Insects Terrestrial Descendants of Marine Crustaceans

During the Devonian, more than 400 million years ago, arthropods made the leap from the marine environment onto land. Of the several groups who successfully colonized the

Abdomen

Carapace covering head and thorax

Abdomen

Carapace covering head and thorax

Terestrial Crustrations

terrestrial habitat, none is more prominent today than the six-legged individuals of the phylum Hexapoda—the insects.

Insects are found in most terrestrial and freshwater habitats, and they utilize nearly all species of plants and many species of animals as food. Some are internal parasites of plants and animals; others suck their host's blood or consume surface body tissues. The 1.4 million species of insects that have been described are believed to be only a small fraction of the total number of species living today.

Median compound eye

Median compound eye

Nauplius Larva

Antenna

Mandible

Antennule

Antenna

Mandible

33.10 Crustacean Structure

(a) The bodies of crustaceans are divided into three regions, each of which bears appendages. (b) A nauplius larva has one compound eye and three pairs of appendages.

Very few insect species live in the ocean. In freshwater environments, on the other hand, they are sometimes the dominant animals, burrowing through the substratum, extracting suspended prey from the water, and actively pursuing other animals. Insects were the first animals to achieve the ability to fly, and they are important pollinators of flowering plants.

Insects, like crustaceans, have three basic body regions: head, thorax, and abdomen. They have a single pair of antennae on the head and three pairs of legs attached to the thorax (Figure 33.11). Unlike the other arthropods, insects have no appendages growing from their abdominal segments (see Figure 21.5).

An insect exchanges gases by means of air sacs and tubular channels called tracheae (singular, trachea) that extend from external openings inward to tissues throughout the body. The adults of most flying insects have two pairs of stiff, membranous wings attached to the thorax. However, flies have only one pair of wings, and in beetles the forewings form heavy, hardened wing covers.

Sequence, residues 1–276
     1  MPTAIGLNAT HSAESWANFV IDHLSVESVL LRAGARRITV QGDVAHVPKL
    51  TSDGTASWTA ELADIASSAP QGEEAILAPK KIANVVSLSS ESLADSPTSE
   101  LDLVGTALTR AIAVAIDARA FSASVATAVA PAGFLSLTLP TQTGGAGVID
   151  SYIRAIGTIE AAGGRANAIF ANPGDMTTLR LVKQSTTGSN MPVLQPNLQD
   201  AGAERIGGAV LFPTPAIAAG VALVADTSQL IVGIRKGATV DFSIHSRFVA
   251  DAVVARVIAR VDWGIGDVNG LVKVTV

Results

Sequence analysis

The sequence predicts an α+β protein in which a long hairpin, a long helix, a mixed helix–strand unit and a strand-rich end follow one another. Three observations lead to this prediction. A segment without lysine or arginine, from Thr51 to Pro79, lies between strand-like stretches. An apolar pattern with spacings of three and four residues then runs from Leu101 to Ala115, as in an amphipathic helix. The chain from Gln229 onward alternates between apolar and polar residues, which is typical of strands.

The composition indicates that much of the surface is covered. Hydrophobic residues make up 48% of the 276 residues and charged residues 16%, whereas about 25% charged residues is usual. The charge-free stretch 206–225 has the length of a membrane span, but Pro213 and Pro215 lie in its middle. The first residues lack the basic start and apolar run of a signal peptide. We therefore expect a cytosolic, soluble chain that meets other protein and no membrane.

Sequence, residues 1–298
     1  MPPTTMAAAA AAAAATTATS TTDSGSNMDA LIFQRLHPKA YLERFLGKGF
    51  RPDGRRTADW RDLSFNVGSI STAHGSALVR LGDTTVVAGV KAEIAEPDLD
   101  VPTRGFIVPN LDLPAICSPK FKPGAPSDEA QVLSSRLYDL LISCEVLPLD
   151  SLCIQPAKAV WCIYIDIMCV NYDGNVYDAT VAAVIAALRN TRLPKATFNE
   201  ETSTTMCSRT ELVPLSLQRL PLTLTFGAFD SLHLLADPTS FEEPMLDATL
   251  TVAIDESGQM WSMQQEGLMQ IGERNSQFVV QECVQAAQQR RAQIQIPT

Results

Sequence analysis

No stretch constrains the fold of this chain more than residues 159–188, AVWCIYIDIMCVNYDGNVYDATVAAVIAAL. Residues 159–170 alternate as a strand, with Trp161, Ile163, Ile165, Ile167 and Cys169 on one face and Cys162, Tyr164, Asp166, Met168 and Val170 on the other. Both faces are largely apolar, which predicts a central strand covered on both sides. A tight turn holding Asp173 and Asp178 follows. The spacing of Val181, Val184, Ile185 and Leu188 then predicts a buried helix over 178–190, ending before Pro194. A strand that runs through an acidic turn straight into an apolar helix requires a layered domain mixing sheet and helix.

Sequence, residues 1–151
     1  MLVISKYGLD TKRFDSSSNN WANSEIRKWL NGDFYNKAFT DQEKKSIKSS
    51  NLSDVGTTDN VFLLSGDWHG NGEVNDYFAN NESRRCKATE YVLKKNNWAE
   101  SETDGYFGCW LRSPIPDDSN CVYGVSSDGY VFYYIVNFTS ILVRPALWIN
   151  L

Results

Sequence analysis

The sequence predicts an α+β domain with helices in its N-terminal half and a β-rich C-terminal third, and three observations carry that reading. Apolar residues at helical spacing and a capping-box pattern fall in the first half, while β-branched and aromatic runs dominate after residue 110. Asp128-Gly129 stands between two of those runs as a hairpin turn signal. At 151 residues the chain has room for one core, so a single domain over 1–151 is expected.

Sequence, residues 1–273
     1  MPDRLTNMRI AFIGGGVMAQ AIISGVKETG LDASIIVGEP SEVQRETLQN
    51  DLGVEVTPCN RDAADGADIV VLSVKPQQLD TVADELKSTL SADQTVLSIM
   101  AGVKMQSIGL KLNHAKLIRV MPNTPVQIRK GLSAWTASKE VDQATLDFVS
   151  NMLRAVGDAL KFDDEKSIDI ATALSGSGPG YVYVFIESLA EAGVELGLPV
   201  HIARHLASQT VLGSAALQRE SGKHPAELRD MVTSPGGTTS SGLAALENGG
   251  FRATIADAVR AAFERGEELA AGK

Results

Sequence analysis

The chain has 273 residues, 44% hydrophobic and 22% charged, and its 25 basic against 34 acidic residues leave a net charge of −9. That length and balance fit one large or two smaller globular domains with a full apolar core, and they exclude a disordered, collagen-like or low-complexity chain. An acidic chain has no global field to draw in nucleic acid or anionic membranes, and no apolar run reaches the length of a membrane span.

Wingless insects include springtails and silverfish (Figure 33.12). Of the modern insects, they are probably the most similar in form to insect ancestors. Apterygote insects have a simple life cycle, hatching from eggs as miniature adults.

Development in the winged insects (Figure 33.13) is complex. The hatchlings do not look like adults, and they undergo substantial changes at each molt. The immature stages of insects between molts are called instars. A substantial change that occurs between one developmental stage and another is called metamorphosis. If the changes between its instars are gradual, an insect is said to have incomplete metamorphosis.

Head Thorax Abdomen

Head Thorax Abdomen

Diagram Bug And The Thorax
33.11 Structure of an Insect This diagram of a generalized insect illustrates its three-part body plan. The middle region, the thorax, bears three pairs of legs and, in most groups, two pairs of wings.

33.12 Wingless Insects

The wingless insects have a simple life cycle.They hatch looking like miniature adults, then grow by successive moltings of the cuticles as these springtails are doing.

In some insect groups, the larval and adult forms appear to be completely different animals. The most familiar example of such complete metamorphosis occurs in members of the order Lepidoptera, in which the larval caterpillar transforms itself into the adult butterfly (see Figure 1.1). During complete metamorphosis, the wormlike larva transforms itself during a specialized phase, called the pupa, in which many larval tissues are broken down and the adult form develops. In many of these groups, the different life stages are specialized for living in different environments and using different food sources. In many species, the larvae are adapted for feeding and growing, and the adults are specialized for reproduction and dispersal.

Entomologists divide the winged insects into about 29 different orders. We can make sense of this bewildering variety by recognizing three major lineages:

► Winged insects that cannot fold their wings against the body

► Winged insects that can fold their wings and that undergo incomplete metamorphosis

► Winged insects that can fold their wings and that undergo complete metamorphosis

Because they can fold their wings over their backs, flying insects belonging to the second and third lineages can tuck their wings out of the way upon landing and crawl into crevices and other tight places.